US sanctions three North Korean officials for ‘unlawful’ missile launch tests
The Biden administration on Thursday announced sanctions against three North Korean party officials in response to Pyongyang carrying out dozens of ballistic missile launch tests this year, including an intercontinental ballistic missile last month.
The U.S., along with the majority of members of the United Nations Security Council and the U.N. chief, have condemned North Korea’s missile launches as a flagrant violation of resolutions barring such tests and raise the risk Pyongyang is threatening the use of nuclear weapons.
Secretary of State Antony Blinken said in a statement that the sanctions announced Thursday are part of ongoing efforts to impede the North Korean regime from its ability “to advance its unlawful ballistic missile and weapons of mass destruction programs.”
Blinken said Pyongyang’s launching of an “unprecedented 60 ballistic missiles this year, including the test of several intercontinental ballistic missiles… pose grave security risks to the region and entire world.”
The U.S. sanctions target three individuals part of the Worker’s Party of Korea (WPK), the founding and sole political party in the country.
Blacklisted individuals include Jon Il Ho, a member of the WPK Central Committee and chair of the WPK Committee of the Academy for Defense Research.
Also sanctioned are Yu Jin, a member of the WPK Central Committee and Kim Su Gil, a WPK Central Committee member and the Chief Secretary of the Kangwo’n WPK Provincial Committee.
All three men are under European Union sanctions as well. Blinken said in his statement that the U.S. actions were taken in close coordination with Japan and South Korea.
“All three targets have direct connections to the DPRK’s [North Korea] unlawful ballistic missile program,” Blinken said.
“Jon and Yu both have played a role in the DPRK’s WMD [Weapons of Mass Destruction] programs and have participated in multiple ballistic missile launches, while Kim has been responsible for the implementation of WPK decisions related to the development of the DPRK’s unlawful nuclear and ballistic missile programs,” Blinken said.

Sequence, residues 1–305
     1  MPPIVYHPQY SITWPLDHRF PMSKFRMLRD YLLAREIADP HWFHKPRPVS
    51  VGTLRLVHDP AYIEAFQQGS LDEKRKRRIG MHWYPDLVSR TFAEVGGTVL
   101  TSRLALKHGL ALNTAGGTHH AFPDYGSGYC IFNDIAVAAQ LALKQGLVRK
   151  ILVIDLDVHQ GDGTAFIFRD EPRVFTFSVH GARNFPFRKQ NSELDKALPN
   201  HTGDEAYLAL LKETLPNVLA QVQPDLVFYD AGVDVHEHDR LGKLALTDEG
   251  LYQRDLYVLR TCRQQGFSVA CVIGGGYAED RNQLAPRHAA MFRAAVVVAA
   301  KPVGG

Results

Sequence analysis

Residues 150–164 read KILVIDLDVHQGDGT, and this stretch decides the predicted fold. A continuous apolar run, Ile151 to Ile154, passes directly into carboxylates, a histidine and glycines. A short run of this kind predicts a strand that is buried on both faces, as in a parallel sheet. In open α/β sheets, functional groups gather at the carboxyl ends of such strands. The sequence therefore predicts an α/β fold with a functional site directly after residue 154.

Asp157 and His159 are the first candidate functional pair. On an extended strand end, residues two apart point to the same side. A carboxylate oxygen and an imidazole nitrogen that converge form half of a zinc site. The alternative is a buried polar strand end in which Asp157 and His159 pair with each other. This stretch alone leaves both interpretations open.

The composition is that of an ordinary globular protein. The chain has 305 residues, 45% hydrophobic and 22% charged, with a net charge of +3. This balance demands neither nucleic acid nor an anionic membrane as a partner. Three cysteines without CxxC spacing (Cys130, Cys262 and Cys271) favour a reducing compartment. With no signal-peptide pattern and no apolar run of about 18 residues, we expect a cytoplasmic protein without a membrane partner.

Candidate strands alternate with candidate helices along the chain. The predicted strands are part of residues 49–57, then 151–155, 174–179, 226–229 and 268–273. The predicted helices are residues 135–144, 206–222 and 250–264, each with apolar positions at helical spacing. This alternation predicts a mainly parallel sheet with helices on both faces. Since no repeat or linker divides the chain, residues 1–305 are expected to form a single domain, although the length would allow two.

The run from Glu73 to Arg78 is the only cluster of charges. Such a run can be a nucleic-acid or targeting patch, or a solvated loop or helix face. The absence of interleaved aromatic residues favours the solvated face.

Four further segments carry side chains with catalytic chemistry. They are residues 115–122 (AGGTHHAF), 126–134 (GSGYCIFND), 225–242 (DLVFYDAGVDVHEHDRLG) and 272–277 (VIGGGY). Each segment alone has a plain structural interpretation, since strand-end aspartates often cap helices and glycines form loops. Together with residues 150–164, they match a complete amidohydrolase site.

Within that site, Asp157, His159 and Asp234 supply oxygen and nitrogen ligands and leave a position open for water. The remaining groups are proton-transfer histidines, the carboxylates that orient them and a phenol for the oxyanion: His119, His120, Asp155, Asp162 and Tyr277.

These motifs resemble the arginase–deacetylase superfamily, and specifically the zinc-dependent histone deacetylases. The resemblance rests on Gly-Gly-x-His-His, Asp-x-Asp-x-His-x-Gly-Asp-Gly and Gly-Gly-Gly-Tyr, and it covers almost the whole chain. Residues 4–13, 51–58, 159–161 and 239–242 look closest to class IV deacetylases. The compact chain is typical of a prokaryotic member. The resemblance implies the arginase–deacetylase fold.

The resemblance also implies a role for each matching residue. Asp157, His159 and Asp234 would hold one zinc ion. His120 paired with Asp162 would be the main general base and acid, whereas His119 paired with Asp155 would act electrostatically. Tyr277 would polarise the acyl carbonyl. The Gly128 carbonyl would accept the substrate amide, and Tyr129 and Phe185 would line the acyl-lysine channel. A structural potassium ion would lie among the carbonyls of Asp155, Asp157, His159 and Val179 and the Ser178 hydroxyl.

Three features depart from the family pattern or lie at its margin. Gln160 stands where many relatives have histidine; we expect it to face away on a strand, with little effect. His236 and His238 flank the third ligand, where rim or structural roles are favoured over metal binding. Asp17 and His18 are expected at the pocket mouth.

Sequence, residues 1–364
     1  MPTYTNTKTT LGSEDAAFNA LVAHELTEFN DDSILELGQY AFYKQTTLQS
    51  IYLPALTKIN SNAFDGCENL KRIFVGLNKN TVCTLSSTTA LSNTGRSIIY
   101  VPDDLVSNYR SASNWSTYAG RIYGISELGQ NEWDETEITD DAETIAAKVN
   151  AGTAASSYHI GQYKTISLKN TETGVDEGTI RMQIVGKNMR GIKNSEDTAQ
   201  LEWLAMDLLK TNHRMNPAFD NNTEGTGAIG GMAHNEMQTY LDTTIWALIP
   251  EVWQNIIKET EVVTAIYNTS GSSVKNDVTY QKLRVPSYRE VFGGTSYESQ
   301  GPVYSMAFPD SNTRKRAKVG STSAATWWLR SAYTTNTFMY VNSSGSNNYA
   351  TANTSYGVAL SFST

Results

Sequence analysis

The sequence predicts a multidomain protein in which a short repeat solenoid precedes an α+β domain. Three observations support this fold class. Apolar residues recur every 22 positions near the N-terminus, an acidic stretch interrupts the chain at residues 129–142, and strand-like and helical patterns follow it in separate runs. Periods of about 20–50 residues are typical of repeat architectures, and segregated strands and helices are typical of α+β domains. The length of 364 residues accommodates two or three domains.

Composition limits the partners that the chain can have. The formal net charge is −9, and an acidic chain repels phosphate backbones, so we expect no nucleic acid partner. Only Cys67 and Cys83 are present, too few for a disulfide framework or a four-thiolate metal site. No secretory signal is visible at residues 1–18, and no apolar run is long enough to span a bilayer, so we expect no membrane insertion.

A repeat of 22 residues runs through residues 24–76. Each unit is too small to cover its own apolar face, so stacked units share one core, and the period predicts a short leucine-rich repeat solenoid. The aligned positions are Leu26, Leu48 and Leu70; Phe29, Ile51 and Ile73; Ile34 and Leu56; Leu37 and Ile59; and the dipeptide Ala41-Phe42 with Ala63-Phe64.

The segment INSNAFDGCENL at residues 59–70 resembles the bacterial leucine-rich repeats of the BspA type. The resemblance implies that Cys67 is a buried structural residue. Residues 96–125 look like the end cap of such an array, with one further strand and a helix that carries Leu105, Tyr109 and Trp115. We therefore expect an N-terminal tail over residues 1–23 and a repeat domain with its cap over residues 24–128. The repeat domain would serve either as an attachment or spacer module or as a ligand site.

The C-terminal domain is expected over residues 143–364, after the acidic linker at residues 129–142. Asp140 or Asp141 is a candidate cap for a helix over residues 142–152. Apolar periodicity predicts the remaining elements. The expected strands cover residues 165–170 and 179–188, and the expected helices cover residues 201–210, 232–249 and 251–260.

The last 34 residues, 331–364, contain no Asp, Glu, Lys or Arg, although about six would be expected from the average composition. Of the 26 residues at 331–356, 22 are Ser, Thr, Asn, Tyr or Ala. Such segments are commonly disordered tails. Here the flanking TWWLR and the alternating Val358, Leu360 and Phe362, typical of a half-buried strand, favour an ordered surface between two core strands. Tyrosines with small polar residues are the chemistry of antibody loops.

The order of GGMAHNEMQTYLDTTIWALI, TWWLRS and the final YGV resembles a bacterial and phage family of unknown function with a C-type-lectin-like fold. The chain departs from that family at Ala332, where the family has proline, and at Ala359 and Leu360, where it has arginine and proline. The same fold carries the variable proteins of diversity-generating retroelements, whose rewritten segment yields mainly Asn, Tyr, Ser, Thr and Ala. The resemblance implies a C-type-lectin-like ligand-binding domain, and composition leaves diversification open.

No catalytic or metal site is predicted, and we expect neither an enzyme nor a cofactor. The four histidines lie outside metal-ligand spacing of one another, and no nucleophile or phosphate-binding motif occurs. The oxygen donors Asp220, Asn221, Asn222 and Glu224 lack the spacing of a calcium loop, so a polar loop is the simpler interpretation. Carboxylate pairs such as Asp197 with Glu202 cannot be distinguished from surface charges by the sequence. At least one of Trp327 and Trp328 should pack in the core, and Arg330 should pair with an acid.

While the sanctions carry implications of freezing U.S. assets and preventing Americans from carrying out transactions with blacklisted individuals, they are largely viewed as symbolic, as North Korean officials are unlikely to hold significant property in the U.S. or have access to transactions with U.S. persons.
Individual sanctions on isolated individuals are largely used as an effort to name and shame.
“Working with South Korea and Japan is important as is targeting senior officials involved in Pyongyang’s WMD and missile programs. But these are individuals will not travel to the U.S. or have bank accounts in the U.S., so these actions will have minimal impact,” tweeted Anthony Ruggiero, senior director of the Nonproliferation and Biodefense Program at the Foundation for Defense of Democracies and who served in the former Trump administration’s National Security Council.
“The administration should sanction and dismantle the networks inside China and Russia that North Korea uses for overseas laborers and export of coal, both are prohibited by the U.N. Security Council Resolutions and generate hundreds of millions of dollars for the Kim regime,” he added.
Russia and China have blocked efforts at the U.N. Security Council to pass resolutions that would impose harsher sanctions on Pyongyang over its missile tests.
U.S. Ambassador to the U.N., Linda Thomas Greenfield, called a meeting of the Security Council last month in response to Pyongyang’s November 17 ICBM test, condemning the missile launch as showing “utter disregard for the safety and security of the region” and “flagrantly” violating security council resolutions barring such tests.
North Korea has launched 63 ballistic missile tests and eight intercontinental ballistic missile tests in 2022, Thomas Greenfield said, which amounted to more than two-and-a half times its precious annual record of 25.
The November 17 launch reportedly landed 125 miles from Japan’s shore.
A missile launch in October was the first time North Korea had violated Japan’s airspace since 2017, United Nations Secretary General António Guterres said in a statement at the time, condemning that missile launch as triggering air raid sirens and text alerts for Japanese citizens to seek shelter.
North Korean officials have reportedly said the missile launches are in response to U.S. and South Korean military drills in the region.
Guterres said in a statement at the time that the missile launch “was a reckless act and a violation of Security Council resolutions.”